Neil Gaiman's The Sandman features a Lucifer (referred to a Lucifer Morningstar as his full title) who wasn't so much "fallen" as he was "pushed". It is heavily implied, if not outright stated, that Lucifer's "fall" was a case of entrapment (in the legal sense) set up by God, because God needed to put one of his own in charge of Hell.
Later on, Lucifer gives up being in charge of Hell, and it ultimately passes onto two other angels, by decree of God. When one of them hears this, he claims he will rebel, but then realizes he would then be going to hell anyway. Lucifer's story then leads into the events of the Lucifer comic, in which Lucifer makes his own Creation, and ultimately rejects even that, exiling himself from all reality to escape God's influence.
In Preacher, being cast down is a punishment for treasonous acts in Heaven. The father of Genesis is cast down at the very start of the series, nearly taking out US Air Force jets (and is subsequently captured by the Grail). Later, two minor-character angels are dropped; they're later seen having opened a hotel in Vegas and not being very depressed about their fallen status.
The First of the Fallen in Hellblazer is something of this sort: He was intended to be God's conscience (Shoulder Angel, if you will), and was cast from heaven when he came to believe God was insane and that his existence was meaningless. According to a somewhat convoluted Vertigo canon (trying to keep continuity with The Sandman) he was the first being God cast from His sight, long before Lucifer's rebellion, but is much less powerful than Lucifer and thus not the lord of Hell until Lucifer quits. The First of the Fallen acts much more like a 'stereotypical' devil, with soul-bargains and so on, and antagonizes John Constantine on a regular basis. This leads to almost equal amounts of Did You Just Scam Cthulhu? from Constantine's side.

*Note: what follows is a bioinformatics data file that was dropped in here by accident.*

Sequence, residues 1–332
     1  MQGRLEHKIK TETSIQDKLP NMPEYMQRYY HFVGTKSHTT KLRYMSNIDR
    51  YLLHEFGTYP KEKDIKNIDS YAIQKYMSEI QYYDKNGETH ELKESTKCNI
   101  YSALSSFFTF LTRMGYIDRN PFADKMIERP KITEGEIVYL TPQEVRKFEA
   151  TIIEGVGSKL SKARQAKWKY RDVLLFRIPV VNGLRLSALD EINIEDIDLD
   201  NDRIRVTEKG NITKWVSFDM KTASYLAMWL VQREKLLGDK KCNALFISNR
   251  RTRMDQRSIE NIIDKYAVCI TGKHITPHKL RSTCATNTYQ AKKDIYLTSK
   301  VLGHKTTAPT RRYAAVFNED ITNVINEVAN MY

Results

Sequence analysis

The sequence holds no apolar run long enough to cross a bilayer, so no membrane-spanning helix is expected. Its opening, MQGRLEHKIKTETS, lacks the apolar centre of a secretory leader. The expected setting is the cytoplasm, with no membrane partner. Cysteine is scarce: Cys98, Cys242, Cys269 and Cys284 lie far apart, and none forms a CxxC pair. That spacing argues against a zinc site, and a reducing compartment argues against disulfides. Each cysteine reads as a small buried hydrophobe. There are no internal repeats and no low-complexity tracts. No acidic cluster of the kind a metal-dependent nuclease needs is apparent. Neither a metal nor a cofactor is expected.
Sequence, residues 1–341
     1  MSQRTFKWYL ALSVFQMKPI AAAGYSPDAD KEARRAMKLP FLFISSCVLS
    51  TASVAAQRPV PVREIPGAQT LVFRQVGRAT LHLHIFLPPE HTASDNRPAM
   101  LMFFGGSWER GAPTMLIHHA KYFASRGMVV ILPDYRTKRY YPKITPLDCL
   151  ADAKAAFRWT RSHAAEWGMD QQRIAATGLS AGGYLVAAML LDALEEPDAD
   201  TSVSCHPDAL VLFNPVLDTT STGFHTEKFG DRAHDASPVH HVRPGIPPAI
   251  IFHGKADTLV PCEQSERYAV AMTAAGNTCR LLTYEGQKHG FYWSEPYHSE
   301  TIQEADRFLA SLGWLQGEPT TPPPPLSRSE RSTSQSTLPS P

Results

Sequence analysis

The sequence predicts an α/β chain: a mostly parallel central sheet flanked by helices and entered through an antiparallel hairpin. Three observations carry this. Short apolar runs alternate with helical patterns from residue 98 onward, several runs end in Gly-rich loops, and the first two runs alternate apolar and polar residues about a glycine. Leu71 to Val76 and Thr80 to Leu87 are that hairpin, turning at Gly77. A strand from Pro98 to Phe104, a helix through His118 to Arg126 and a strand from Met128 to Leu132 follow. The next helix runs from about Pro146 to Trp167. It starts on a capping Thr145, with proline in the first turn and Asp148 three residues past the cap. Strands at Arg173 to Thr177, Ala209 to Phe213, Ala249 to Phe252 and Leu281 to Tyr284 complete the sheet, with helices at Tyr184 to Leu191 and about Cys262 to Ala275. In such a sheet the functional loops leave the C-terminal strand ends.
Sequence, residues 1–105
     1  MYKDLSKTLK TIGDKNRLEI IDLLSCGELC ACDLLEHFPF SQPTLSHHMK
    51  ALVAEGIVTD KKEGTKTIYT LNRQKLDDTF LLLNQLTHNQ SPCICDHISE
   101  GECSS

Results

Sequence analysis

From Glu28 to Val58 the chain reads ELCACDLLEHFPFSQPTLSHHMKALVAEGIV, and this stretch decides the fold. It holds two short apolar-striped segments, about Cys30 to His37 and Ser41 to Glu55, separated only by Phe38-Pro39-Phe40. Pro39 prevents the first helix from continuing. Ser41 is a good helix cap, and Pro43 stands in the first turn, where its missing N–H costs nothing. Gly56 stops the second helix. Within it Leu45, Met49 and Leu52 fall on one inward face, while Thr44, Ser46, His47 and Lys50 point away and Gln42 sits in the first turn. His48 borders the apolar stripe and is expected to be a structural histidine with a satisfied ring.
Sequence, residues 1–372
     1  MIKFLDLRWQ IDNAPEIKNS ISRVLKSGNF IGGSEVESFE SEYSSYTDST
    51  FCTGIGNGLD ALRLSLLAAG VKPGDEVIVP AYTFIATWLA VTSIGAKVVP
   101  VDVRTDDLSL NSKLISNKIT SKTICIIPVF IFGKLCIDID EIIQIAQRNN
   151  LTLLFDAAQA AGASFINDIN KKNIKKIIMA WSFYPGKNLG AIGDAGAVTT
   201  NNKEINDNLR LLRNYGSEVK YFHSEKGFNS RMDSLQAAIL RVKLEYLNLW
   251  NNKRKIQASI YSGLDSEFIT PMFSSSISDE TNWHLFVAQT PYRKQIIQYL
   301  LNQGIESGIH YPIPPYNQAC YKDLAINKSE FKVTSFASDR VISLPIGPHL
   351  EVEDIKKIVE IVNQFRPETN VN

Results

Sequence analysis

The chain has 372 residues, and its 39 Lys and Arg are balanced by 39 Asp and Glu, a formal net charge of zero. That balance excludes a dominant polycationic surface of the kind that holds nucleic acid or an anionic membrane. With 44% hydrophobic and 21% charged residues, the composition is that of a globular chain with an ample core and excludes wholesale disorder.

Imperfect Metamorphosis has Shinki and Sariel, rulers of their respective underworlds. Interestingly, Shinki's human appearance is a personal choice, one which Sariel did not share, leaving it as a gender-less energy being. Also, and more plot relevant, is their sibling Azrael, of whom EX!Rumia is an avatar of.
The Pony POV Series has Celestia and Luna's brother Morning Star — originally created to be the Anthropomorphic Personification of Perfection and Beauty, he instead came to represent Temptation and Evil, and after trying to overthrow the Elders, he was sealed away. He was released by the Draconequi to fight on their side during their war with the Alicorns (during which he played Evil Mentor to Discord); while his fate is never shown, Word Of God is that he was killed during the war (though given the nature of the Alicorns, how "dead" he is is debatable) or imprisoned in Hell as part of the peace treaty.
In Bedazzled 1967, the Devil (or Lucifer as he was known then) explains he was once God's favorite angel and was booted out of Heaven when he wanted some of the same adoration God received. The two had since had a running wager on who could claim ten billion souls first; if Lucifer won he could reclaim his old place.
There's a fallen angel in City of Angels. He wasn't evil; he just wanted to experience human life. Then the protagonist falls... in love. And takes the plunge.
Dogma is about two fallen angels attempting to return to heaven. A deleted scene implies that much of the evil and corruption seen in the fallen angels who became demons stemmed not from inherent evil but that which was brought to Hell by damned humans. Twisted and corrupted by the self-imposed torture of the damned, the fallen angels became what humans expected them to be.
The Angelwalk trilogy featured three protagonists—an angel who had almost joined the rebellion against heaven, a demon who almost didn't, and an angel who had never wavered. Late in the middle book, Observer gets a chance at redemption—maybe—but doesn't take it. (Possibly subverted in that it may be predestined that he can't. Careful; thinking about it too hard has broken many brains.)